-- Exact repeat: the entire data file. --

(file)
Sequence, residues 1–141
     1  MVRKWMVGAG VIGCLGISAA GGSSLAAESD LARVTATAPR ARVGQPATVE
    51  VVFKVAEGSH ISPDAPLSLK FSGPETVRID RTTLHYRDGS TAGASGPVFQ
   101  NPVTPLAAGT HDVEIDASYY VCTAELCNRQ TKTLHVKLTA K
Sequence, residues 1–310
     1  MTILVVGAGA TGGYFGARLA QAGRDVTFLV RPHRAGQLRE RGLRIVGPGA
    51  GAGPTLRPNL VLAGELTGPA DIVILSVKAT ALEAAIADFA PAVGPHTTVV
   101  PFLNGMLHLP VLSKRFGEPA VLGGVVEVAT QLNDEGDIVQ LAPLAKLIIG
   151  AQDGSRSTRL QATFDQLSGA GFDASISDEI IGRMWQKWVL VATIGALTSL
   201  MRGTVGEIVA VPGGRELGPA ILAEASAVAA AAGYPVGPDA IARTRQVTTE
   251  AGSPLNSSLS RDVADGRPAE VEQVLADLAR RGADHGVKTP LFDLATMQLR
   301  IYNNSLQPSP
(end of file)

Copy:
Sequence, residues 1–141
     1  MVRKWMVGAG VIGCLGISAA GGSSLAAESD LARVTATAPR ARVGQPATVE
    51  VVFKVAEGSH ISPDAPLSLK FSGPETVRID RTTLHYRDGS TAGASGPVFQ
   101  NPVTPLAAGT HDVEIDASYY VCTAELCNRQ TKTLHVKLTA K
Sequence, residues 1–310
     1  MTILVVGAGA TGGYFGARLA QAGRDVTFLV RPHRAGQLRE RGLRIVGPGA
    51  GAGPTLRPNL VLAGELTGPA DIVILSVKAT ALEAAIADFA PAVGPHTTVV
   101  PFLNGMLHLP VLSKRFGEPA VLGGVVEVAT QLNDEGDIVQ LAPLAKLIIG
   151  AQDGSRSTRL QATFDQLSGA GFDASISDEI IGRMWQKWVL VATIGALTSL
   201  MRGTVGEIVA VPGGRELGPA ILAEASAVAA AAGYPVGPDA IARTRQVTTE
   251  AGSPLNSSLS RDVADGRPAE VEQVLADLAR RGADHGVKTP LFDLATMQLR
   301  IYNNSLQPSP